Figure 5. Content pages 6, 7 and 8.

The resource is easily navigable however, accessibility is limited as it primarily supports learners with strong visual and kinaesthetic abilities. There are no options for users to customise the resource, for example by its colour, enlarge or reduce text size or choose activities that suit their learning preference. Whilst this resource was made towards a group approach rather on individual needs it may have benefitted from a broader approach in considering the conditions that Figure 6 illustrates. Perhaps selecting and implementing an appropriate mix of images, audio, video and interactions to meet wider needs of its users.

Figure 6. Images taken from ‘Accessibility Issues in Online Learning’ webinar from Jisc’s Alistair McNaught on 23 October 2015.

Activities scaffolded and support for collaborative learning

Drawing on Garrison’s (2007) social, cognitive, and teaching presence the following discussion will examine the application of these particular elements. There is no social option for any sort of synchronous or asynchronous social dialogue or collaboration with peers. Whilst eLearning packages are self-directed learning resources, they are somewhat lonely in their delivery. However, a presenter is included to provide a human face-to-face scenario that can be experienced physically. Cognitive presence is addressed throughout with animation and interactivity with tasks to stimulate the user. However, there are limited opportunities for exploration of content, exchanging of information and ideas and applying these into new contexts. Teaching presence is directed by a presenter who gives information and feedback where indicated. It is limited but the presenter does act in facilitating discourse by their acknowledgement and reinforcement of the required actions. Perhaps this could be more prominent in allowing learners to ask the presenter for help or hints when needed. The presenter may need to provide a more interactive role to enhance the face-to-face aspects which is clearly missing.

Due to the resource being self-directed, a notable attribute is the motivation to access and complete it. There is no physical tutor to command a user to do the activity which results in an ‘enter or exit’ mind set of ‘what’s in it for me?’. Users need to feel a sense of purpose to achieve an activity, this could link in with criteria-referenced tasks relating back to the learning objectives, in which was lacking richness from what the learner was required to learn and put into practice. This content would best be linked to curriculum criteria so that users can clearly make a clear distinction of what they are achieving to feel a sense of self-actualisation (Maslow, 1943). At this point, it begs the question of how best a designer can organise knowledge and convey it better through this choice of medium.

Eliciting learner understandings and formative evaluation and performance

Throughout this resource there are a number of formative assessments such as drag and drop which Figure 2 illustrates and multiple choice and true or false from Figure 7. This enables users to check their own understandings through these self-assessment opportunities which a user can judge their progress against the score at the end. However, these may appear as rote learning as the user is not required to apply their new learning into new situations (Petty, 2009). The resource does however give feedback on correct answers, but it is not constructive in enabling deeper thinking or reflection. Additionally, Figure 8 illustrates learning analytics that captures the responses made by users which can provide the tutor with learner progress on understanding and use of the resource.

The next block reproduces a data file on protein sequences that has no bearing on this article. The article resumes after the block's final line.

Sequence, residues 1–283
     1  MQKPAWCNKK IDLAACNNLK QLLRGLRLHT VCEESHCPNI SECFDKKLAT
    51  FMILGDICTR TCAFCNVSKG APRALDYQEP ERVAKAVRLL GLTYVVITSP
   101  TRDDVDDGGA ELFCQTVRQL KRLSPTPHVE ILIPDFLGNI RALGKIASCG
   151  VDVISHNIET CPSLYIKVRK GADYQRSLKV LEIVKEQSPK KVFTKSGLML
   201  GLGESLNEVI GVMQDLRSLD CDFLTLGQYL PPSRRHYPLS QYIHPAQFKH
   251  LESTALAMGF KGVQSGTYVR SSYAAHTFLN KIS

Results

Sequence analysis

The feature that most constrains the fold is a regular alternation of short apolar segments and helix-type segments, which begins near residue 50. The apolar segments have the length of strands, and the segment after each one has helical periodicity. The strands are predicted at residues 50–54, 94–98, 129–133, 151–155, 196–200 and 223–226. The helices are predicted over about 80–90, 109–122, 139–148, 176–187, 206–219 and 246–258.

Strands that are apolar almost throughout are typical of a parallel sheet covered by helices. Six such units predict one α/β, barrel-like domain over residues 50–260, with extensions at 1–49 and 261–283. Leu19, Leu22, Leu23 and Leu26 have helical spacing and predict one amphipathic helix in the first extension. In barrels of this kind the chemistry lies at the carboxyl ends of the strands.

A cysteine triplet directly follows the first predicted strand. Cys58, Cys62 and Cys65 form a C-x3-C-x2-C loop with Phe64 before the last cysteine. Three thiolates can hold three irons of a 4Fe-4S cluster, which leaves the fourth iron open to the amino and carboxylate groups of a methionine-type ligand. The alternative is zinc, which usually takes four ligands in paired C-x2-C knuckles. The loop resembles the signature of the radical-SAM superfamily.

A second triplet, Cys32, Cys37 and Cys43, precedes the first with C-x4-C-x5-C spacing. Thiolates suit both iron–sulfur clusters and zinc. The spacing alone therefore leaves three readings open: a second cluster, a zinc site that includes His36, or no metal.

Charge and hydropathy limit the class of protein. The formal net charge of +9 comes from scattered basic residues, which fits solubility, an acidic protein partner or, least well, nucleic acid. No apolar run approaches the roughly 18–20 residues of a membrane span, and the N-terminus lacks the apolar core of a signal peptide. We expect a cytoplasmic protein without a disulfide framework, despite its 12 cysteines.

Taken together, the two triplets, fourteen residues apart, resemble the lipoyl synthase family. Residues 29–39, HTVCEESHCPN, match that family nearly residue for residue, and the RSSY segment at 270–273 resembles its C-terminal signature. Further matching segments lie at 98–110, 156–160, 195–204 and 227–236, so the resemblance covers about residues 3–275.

Figure 7. Content pages 13, 14 and 16.

Figure 8. Learning interactions report.

Support for transference and acquiring 'self-learning' skills

As discussed earlier, little content was asked to be learned, checked and applied into a new situation. This reduces the impact of learnability as the main idea is to learn soft skills in which to consider in the user’s real world. The use of context related images and narration such as Figure 1 should stimulate memorability. This is because users can build connections from the visual and verbal representations. However, if these are in-balanced and cognitive load is at risk that can impact on learning intake (Mayer & Moreno, 2000). The next section discusses a potential rationale behind the software in creating an eLearning package.

Behind the software

The resource was created in Adobe Captivate which describes itself as a rapid eLearning authoring tool that allows users to create interactive tutorials and demonstrations for instructional online training and support. The rationale behind the software Adobe Captivate is underpinned by theory which is known as epistemology. According to Webb (1991) epistemology is the philosophy about theories of knowledge. Within epistemology are positivistic and interpretive frameworks in which they act as lenses to judge information. Positivism is concerned with limiting enquiry and enabling empirical objectivity which can be observed or detected by our senses. This removes non-sensory information claims through beliefs, values or intentions. Unlike positivism, interpretive understanding is subjective and is studied naturally. It is to gain a direct experience of what actually happens rather than creating forced experimental environments or circumstances. It captures the uniqueness and individuality of the experience.